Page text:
Brace Steele: Greenpeace Photographer – 04/20/1991
The most irredeemable part of the already bad Steven Seagal episode: this sketch about a Zen nature photographer happening upon an Exxon conspiracy feels like something he pushed to get on the show, and it plays like they’re indulging him. Points deducted for one of the most cringe-inducing endings on an SNL sketch.

Disneyland Runner – 03/12/1994
The three Nancy Kerrigan at Disneyland segments really felt like the show was short on material and the writers were scrambling to use a host they knew to be a dud.

Fortune Cookie Factory – 11/12/1994
The transition point where the 1994-95 season goes from just bad to joyless. This is also the first in a string of consecutive episodes where Mike Myers dons yellowface or race makeup.

The ESPYS – 02/18/1995
Take a thin premise, a terrible host (even for a non-actor), a bunch of impressions by people who barely resemble or imitate their targets, repetition of the same gags that were barely funny to begin with (I’m looking at you, stock footage clip of Lou Diamond Philips), and pad it out to 10 minutes: you have this sketch.

Miracles Of Science – 02/17/1996
SNL was on the comeback in 1995-96, but this particular sketch with Will Ferrell playing straightman to Tom Arnold as Brainiac (complete with oversized prosthetic brain-head) is painful to watch. You can smell the flop-sweat in the studio.

Dr. Mrs. Frankenstein – 10/30/2004
One of many “the joke is he’s gay” sketches that SNL has done in the last 15 years, with no real twist beyond that. Even more annoying is that this is one of the instances where Maya Rudolph plays a character in a period piece with an anachronistic “sassy black woman” voice. I wouldn’t be surprised if this was the handiwork of James Anderson.

Rear Window – 11/14/2009
Grace Kelly has gas. That’s the sketch.

Worst recurring sketches:
Ching Chang/Ching Change
One of the most racist things the show’s done; this seems like it could have been written for a 1950s variety show.

Trina
There are a lot of Wiig characters I’ve been tempted to add to the list (Surprise Sue, Gilly, Secret Word, Dooneese). This stands out. As much as Gilly comes across as a cynical attempt by Paula Pell and Kristen Wiig to create a marketable character, it at least had a few funny portions (OK, just Casey Wilson’s part in the first sketch). Trina is Kristen Wiig as a wacky mental defective saying “Thomas!” over and over.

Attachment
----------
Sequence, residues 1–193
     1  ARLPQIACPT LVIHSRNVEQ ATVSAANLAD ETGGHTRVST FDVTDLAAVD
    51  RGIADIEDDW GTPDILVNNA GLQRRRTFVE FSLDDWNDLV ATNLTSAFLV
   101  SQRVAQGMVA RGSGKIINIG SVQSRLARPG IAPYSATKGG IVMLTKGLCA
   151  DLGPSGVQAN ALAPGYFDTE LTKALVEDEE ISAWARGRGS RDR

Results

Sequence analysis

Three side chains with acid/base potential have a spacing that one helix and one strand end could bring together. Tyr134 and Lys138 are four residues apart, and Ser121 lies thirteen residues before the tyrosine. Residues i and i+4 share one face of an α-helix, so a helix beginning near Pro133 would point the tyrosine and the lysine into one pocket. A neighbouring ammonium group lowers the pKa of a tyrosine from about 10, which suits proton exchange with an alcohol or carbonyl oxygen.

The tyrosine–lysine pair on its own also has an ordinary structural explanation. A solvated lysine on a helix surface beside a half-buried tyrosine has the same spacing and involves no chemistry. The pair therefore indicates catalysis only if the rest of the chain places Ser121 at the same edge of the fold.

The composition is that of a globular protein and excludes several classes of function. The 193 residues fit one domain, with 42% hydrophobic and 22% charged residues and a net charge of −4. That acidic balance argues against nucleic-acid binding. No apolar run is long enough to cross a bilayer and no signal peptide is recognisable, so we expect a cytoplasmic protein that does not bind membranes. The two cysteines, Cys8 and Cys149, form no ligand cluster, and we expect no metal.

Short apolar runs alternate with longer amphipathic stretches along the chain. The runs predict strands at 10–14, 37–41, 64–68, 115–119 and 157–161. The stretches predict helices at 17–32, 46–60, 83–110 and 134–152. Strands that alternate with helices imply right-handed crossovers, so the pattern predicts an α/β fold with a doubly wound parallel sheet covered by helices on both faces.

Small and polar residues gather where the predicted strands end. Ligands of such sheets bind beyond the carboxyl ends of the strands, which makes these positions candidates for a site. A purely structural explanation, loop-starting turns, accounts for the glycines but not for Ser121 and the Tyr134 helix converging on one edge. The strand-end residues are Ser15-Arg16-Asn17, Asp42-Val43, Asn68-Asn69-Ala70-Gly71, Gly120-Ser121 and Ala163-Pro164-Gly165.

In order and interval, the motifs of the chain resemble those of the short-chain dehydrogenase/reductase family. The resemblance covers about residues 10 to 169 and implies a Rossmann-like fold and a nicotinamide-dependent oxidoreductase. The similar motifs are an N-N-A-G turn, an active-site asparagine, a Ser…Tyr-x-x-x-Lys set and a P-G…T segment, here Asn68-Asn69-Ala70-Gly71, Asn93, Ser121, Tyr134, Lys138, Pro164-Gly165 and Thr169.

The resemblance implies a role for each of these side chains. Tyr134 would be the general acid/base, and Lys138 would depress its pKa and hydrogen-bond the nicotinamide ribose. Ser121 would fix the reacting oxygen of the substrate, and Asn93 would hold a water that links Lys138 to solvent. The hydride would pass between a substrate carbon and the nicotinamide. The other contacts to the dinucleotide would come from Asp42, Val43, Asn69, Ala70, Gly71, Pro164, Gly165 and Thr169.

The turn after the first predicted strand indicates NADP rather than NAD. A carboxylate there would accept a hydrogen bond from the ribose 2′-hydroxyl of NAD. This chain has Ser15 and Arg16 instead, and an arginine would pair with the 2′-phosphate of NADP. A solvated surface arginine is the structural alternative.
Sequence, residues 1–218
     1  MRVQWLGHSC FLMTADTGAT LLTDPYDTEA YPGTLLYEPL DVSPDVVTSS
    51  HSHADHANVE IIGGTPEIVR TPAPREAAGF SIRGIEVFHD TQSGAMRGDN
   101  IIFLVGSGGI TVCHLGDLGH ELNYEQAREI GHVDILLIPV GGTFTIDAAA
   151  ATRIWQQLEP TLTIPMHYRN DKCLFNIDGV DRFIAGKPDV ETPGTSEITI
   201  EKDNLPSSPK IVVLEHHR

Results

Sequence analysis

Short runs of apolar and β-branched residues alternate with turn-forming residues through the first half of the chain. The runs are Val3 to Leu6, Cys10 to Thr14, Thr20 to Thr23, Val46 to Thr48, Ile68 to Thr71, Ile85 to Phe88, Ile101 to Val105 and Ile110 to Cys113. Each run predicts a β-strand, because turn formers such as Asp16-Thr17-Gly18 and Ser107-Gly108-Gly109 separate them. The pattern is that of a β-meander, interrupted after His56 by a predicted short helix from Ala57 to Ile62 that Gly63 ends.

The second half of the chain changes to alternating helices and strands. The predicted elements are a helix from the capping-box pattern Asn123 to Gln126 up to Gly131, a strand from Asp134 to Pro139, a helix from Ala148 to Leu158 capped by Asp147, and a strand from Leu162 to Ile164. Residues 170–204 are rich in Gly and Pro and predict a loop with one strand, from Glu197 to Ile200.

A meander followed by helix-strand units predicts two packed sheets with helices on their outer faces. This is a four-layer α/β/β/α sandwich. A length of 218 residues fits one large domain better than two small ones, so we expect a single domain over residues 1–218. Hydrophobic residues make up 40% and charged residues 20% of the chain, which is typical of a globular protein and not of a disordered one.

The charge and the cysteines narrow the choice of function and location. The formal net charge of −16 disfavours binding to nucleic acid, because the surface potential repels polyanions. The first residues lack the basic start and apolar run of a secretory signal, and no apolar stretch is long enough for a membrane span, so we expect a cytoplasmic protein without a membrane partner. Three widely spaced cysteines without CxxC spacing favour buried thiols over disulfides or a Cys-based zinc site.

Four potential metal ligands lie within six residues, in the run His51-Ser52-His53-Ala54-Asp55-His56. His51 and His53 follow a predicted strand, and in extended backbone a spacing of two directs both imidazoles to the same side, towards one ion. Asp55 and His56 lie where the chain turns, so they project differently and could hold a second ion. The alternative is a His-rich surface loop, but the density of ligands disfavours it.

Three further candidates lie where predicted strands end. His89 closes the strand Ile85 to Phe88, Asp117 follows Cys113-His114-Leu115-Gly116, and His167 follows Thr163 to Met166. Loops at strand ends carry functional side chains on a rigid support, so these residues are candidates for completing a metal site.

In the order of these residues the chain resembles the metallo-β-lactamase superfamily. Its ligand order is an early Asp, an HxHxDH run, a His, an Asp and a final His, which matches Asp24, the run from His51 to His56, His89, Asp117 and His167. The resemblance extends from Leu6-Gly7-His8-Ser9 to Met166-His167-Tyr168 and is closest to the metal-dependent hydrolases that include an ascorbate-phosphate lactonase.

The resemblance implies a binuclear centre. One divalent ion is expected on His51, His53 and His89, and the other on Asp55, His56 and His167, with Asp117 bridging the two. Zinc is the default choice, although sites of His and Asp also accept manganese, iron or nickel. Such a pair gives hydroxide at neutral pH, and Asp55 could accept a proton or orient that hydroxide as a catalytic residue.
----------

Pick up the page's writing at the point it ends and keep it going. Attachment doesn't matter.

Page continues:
Elinda Nade, Stenographer
It was down to this and Regine, but where the latter is annoying and has enough telegraphing to keep Marconi busy, Elinda Nade is Fred Armisen trying to be Kristen Wiig. It’s more aggravating when you realize what Armisen does well and compare it to this.

Garth and Kat
Another Fred Armisen / Kristen Wiig bit; this just feels like an excuse to eat up as much airtime as possible while making something mainly for them, James Anderson and Kent Sublette to get songwriting royalties from whenever the show repeats.

Dishonorable mention: Debbie Downer / The Californians
Both are sketches that weren’t much on paper, but through a fluke of corpsing, they ended up better and more memorable than they should have been. Of course, Lorne and the writers figure they might as well keep bringing both back, thereby tainting the originals.

It’s sad how most of these recurring sketches are Wiig and Armisen; maybe it’s just because both are better performers than they can be on this dreck that even they can’t save.

The Future of Existentialist Weightlifting

I’m in the process of setting up a professional website and am still trying to make a decision regarding the future of this blog.  I’m still not sure whether I want to keep this as a separate space for my more esoteric posting (such as the SNL reviews) or integrate the content into the professional site.  If I do end up putting content from this blog on the other site, I’m planning on only picking and choosing the better posts, which will have to be re-edited for grammatical and clarity issues.  If I keep the site running as a separate space, I still want to make some changes but I don’t have anything specific in mind.

The 1982-83 reviews are officially on hold for now; I will be doing a few posts related to the results of the Worst SNL Sketches of All Time poll in March (by the way, if you haven’t voted yet, you have until midnight, March 1, 2014 to do so.  This is Atlantic Time, so technically voting closes at 11 pm ET on February 28, 2014.